On this week’s episode of Working, Rumaan Alam spoke with poet Javier Zamora about his work, which explores immigration, being undocumented, and the impact of El Salvador’s civil war. They discussed creating poetry that transcends the categories of fiction and nonfiction, and how he uses writing as a way to process memories of trauma. This partial transcript has been edited and condensed for clarity.
Rumaan Alam: You have a poem called “Exiliados,” in which you write about romance: “In my humid pockets,/ my fists were old tennis balls thrown to the stray dog/ of love bouncing toward the Hudson down/ to South Ferry.” I love that line so much, because I can feel my hands fisted inside of a pocket. I can feel the nervous energy of romantic feeling and sexual feeling. Do you think about the tension in your own position as a poet who’s brown, who’s from El Salvador, who has this particular experience of coming to this country in the way that you did? Do you feel like you have to write about that, and not write about romance, or art, or mortality?
Javier Zamora: For a long time, I did. I thought that I was only my trauma, and I was only this grand, epic story. Sharon Olds was the teacher who pushed me toward the sensual, and she made me realize that my book, Unaccompanied, needed some of that balance. If I were to self-critique my first book, I think I needed to do more of that work, because it’s very trauma-heavy. So thank you for pointing out that poem, because I did try to show that we’re not only our experiences. At the same time, the idea that my personal life is what defines me has been difficult to do away with, and I’m still trying.
You’re not just a performance of trauma, you’re a full person, but also in that political moment, there was this necessity of being reminded of the simple existence of the immigrant in this country. It’s almost as though suggesting that those people are also human—and love their children, or want to have sex, or drink too much, or whatever it is that makes us human—would come later, but first, we just needed to be told these people exist. It feels like your book is an argument for that. It’s saying, “Here I am, I exist.”
You used the word epic to describe your journey into this country, and I wonder if you feel comfortable explaining to me what that journey looked like without the veil of poetry.
I think writing poetry was me beginning to dig. There’s a lot of gaps in the poems, due to the hardships that I experienced as a 9-year-old kid. The memoir starts the day that I leave, and it ends the day after I cross the border. It all takes place in the present tense, and reliving that couldn’t have happened without the poems.
The short synopsis is that my parents had both left El Salvador. I grew up from the ages of 5 until 9 with my grandparents and my aunts. We tried the legal route to go to the U.S. Embassy and apply for status. That did not happen. We tried multiple routes. Eventually, this man was supposed to take me and a group of six other Salvadorans from El Salvador to the United States. He promised that that trip was going to take one week, two weeks max. We spent two weeks in Guatemala. My grandpa was there with me. Then we traveled to other Central American places, and my grandpa had to leave.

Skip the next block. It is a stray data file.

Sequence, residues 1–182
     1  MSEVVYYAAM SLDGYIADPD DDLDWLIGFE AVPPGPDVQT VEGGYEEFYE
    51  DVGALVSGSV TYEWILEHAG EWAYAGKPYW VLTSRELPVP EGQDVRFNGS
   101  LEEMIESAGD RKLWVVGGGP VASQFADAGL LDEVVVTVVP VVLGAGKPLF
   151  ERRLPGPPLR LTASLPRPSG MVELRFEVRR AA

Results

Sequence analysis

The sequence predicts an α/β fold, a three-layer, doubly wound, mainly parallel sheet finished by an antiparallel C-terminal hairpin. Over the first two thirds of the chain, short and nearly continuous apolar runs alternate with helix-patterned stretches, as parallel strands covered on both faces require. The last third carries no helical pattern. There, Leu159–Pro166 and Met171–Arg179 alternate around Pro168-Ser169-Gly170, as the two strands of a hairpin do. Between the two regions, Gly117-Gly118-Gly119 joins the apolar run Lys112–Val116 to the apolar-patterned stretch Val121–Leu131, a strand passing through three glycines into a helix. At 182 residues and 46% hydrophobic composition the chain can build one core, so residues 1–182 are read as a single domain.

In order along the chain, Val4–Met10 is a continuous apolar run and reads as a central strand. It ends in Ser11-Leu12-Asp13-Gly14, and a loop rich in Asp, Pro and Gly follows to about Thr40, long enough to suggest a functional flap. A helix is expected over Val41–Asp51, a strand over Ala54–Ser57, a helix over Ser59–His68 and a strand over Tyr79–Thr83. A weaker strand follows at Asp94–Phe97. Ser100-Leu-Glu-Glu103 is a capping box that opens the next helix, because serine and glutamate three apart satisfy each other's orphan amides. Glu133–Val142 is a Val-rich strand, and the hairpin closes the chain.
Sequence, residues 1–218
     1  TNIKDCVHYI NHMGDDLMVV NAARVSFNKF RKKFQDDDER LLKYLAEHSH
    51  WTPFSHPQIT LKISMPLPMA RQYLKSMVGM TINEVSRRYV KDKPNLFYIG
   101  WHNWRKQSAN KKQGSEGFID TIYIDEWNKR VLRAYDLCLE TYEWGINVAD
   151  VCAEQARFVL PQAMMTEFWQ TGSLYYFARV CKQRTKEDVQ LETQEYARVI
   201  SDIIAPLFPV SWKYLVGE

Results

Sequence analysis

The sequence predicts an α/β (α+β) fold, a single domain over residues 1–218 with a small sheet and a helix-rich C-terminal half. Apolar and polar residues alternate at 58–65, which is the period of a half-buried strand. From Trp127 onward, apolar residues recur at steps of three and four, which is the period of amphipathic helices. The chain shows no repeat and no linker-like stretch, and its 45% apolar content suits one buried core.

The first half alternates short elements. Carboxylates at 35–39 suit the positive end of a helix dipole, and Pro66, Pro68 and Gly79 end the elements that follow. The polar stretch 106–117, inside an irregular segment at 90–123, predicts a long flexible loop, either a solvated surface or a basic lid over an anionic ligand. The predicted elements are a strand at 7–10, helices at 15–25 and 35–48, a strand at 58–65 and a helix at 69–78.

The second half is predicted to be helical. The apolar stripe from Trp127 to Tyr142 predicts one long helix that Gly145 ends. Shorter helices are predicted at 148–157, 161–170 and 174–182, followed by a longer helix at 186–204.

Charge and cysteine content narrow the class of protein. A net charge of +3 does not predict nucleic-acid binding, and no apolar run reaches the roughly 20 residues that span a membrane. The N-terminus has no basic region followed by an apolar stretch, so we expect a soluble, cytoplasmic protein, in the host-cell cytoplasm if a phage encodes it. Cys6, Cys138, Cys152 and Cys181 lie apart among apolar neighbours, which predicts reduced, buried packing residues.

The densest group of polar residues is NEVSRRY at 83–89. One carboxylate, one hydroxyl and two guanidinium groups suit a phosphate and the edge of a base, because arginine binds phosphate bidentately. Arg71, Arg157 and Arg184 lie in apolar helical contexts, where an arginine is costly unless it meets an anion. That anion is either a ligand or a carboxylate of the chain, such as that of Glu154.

I’m left with strangers. We spend another week in Guatemala at the coast, and then we take a boat from Guatemala to Oaxaca—almost a day in the ocean. From there, we get robbed by Mexican police, and then we go to Acapulco for a day, and then we take a bus to Guadalajara. We stay there three weeks, and from there finally we make it to the U.S. border, where we attempt to cross through the Sonoran Desert, multiple times, until we successfully make it. All of this takes place in eight weeks, eight, nine weeks.
I am crying listening to you talk about this. I’m struck by what you’ve said, which is that the poems are almost a first draft of you understanding your own life. Now you’re writing about it in a memoir form, from the vantage of adulthood, trying to remember something that happened to you when you were just a kid. I can’t remember anything that happened to me when I was 9, let alone a sustained period of eight weeks when I was 9 years old. It’s very hard to actually hold on to that stuff.
There’s a poem, “Saguaros,” in the book. In my memory, I could guarantee you that I saw huge cacti—saguaros. I couldn’t go back to the border, because I didn’t have papers until last year. I’m in Arizona right now, trying to finish this book in the landscape. I’ve gone to the border, trying to see where exactly it was that I attempted to cross. I think I’ve narrowed it down to the area, and there are no saguaros there. They rarely grow along the border. In my memory, I’m like, “Oh, that did not happen factually, but it did feel like that emotionally.” It rings true in poems, and now I am trying not to do that in prose, because it’s not fiction and I’ll get into trouble.
That’s an interesting tension because poetry isn’t fiction, but it’s not nonfiction—it doesn’t have to be testimony. What is the purpose of writing a poem about this imagination that you had of what the landscape looked like? What’s the goal of that?
Essentially, it’s creating empathy. I want the readers to really feel what I felt, in order for them to truly understand what it’s like to be a child immigrant. Once they have that knowledge, if I did my job correctly, then they’re not going to vote Republican. That, I think, is the goal.